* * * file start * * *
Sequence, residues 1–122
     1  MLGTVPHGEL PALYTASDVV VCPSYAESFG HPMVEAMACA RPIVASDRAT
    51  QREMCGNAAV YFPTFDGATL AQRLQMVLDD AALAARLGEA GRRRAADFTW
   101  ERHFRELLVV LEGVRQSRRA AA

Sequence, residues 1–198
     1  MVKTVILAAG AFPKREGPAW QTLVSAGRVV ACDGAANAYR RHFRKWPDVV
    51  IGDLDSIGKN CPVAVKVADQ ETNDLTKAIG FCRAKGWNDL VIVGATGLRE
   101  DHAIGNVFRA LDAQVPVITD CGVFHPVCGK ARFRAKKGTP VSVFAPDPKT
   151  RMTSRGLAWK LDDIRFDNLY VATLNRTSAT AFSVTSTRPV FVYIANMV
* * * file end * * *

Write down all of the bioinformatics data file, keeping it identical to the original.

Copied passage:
Sequence, residues 1–122
     1  MLGTVPHGEL PALYTASDVV VCPSYAESFG HPMVEAMACA RPIVASDRAT
    51  QREMCGNAAV YFPTFDGATL AQRLQMVLDD AALAARLGEA GRRRAADFTW
   101  ERHFRELLVV LEGVRQSRRA AA

Sequence, residues 1–198
     1  MVKTVILAAG AFPKREGPAW QTLVSAGRVV ACDGAANAYR RHFRKWPDVV
    51  IGDLDSIGKN CPVAVKVADQ ETNDLTKAIG FCRAKGWNDL VIVGATGLRE
   101  DHAIGNVFRA LDAQVPVITD CGVFHPVCGK ARFRAKKGTP VSVFAPDPKT
   151  RMTSRGLAWK LDDIRFDNLY VATLNRTSAT AFSVTSTRPV FVYIANMV